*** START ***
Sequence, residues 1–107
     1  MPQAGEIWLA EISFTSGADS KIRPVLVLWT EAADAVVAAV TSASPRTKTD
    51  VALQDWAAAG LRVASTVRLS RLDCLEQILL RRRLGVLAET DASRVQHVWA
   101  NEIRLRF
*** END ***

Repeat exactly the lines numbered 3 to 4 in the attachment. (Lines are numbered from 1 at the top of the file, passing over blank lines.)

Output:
    51  VALQDWAAAG LRVASTVRLS RLDCLEQILL RRRLGVLAET DASRVQHVWA
   101  NEIRLRF